You and I both could literally name hundreds of security products ranging in price and objectives solved that schools are deploying to make their campus safer. It seems there is no balance, though, when it comes to every school in American having access to the same types of security products, which is a bit disheartening. The following illustrates the end of both spectrums: one where money is no object and one where apparently money is a huge issue.
When students, faculty, staff and visitors walk into DuBois Area High School, they can expect the same security scene as any U.S. airport. Metal detectors line the entrance way, acting as a barrier to entry, searching for weapons such as guns, knives or sharp instruments. The good news at the school, however, is the wait time – the process takes less than 30 minutes for over 1,000 students to pass through with enough time to arrive at first period class without being tardy. (Wish I could say the same for airports. I wonder how many missed flights are due to long waits in the security line?)
The five detectors are manned by staff and school police officers with the goal of ruling out any possible weapons to keep students, staff and visitors safe.
Janice Bart, officer in charge, said that she could think of no better way of using the funds considering the age of the high school building. She also noted that the school’s security plan includes:
- Safety screeners;
- Investment of time;
- A proper plan based on the uniqueness of the campus; and
- Hard work.
The story at Tupelo Public School District is quite different. The school board recently voted to authorize the 18 school security officers to carry pepper spray during the upcoming school year. These officers are state-certified employees stationed at various campuses throughout the district. (Deploying a chemical agent versus a metal detector? Wow! It’s easy to see the huge difference in school security budgets just by analyzing the “technology” that a campus uses.)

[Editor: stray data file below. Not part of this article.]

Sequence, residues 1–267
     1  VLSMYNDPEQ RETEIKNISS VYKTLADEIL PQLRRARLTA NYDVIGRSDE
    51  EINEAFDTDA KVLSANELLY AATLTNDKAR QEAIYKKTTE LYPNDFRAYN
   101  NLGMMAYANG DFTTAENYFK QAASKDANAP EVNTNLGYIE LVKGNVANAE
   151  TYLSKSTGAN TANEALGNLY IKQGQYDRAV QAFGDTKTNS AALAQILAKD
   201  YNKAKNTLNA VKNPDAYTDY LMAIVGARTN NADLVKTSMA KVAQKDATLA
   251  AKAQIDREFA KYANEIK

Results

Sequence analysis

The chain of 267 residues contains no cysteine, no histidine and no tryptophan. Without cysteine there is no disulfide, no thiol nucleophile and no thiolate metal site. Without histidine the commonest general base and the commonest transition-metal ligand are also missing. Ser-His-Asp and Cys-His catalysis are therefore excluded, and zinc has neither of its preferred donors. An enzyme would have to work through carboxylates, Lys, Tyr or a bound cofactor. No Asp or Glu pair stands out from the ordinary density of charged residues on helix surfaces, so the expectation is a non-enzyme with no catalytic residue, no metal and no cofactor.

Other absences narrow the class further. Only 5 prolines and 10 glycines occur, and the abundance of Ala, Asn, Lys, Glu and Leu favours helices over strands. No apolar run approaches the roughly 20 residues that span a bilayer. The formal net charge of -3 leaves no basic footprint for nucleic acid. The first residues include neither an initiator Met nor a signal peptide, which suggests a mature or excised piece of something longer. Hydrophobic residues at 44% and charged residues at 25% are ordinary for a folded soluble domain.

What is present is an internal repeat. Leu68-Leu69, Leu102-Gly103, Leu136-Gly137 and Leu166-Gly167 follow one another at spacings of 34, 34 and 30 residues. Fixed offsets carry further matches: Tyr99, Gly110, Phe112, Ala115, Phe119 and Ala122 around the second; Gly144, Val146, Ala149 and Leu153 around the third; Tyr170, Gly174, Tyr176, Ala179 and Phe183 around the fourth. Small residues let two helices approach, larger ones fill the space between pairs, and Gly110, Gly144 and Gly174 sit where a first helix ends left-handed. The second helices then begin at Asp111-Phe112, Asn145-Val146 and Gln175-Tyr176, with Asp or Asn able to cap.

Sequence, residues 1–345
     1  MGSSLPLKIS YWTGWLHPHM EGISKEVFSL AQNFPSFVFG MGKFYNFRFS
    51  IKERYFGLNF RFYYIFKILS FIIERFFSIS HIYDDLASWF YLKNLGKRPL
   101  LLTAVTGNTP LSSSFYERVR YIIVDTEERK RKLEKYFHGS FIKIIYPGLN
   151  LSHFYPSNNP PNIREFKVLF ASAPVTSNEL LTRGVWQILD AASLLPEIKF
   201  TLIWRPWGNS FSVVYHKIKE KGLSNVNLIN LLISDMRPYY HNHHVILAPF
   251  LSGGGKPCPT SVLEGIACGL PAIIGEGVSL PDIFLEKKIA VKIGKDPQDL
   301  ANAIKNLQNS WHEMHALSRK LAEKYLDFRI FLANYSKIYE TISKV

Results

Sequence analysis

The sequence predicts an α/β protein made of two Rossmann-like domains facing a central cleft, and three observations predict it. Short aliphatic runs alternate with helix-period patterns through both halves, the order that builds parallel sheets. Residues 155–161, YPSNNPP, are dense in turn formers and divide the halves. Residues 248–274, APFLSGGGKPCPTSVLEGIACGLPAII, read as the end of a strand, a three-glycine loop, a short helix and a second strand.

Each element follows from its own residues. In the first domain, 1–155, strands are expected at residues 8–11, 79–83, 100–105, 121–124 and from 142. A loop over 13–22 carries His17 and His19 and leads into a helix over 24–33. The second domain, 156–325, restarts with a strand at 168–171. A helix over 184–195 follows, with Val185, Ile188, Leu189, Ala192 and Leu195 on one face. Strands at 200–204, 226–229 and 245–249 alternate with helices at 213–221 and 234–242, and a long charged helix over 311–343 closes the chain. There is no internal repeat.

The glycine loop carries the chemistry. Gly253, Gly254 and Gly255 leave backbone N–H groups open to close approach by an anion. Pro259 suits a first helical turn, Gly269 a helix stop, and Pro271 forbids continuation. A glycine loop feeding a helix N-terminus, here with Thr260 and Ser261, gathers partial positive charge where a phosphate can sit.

This district requested that the Mississippi Department of Education’s Division of Safe and Orderly Schools conduct a safety and facilities assessment to identify areas of improvement. One of the recommendations was allowing security officers to carry pepper spray, which gives them another resource to use to maintain orderly conduct and safety, especially when there are large crowds, at athletic events, for example. And, because the school district is holding the officers accountable, the proper resources must be made available to do their job.
The officers will carry small canisters of pepper spray and all have attended training that includes each one getting sprayed to fully understand the chemical’s effect. This will encourage the officers to only use it when absolutely necessary.
The top priority is safety for students, faculty and staff.
Both schools have the exact same goal: safety for all; however, what is not equal is the budgets to achieve this goal. Will each school in America ever have equality when it comes to security budgets? After all, we owe it to our children to give them all an equally safe education.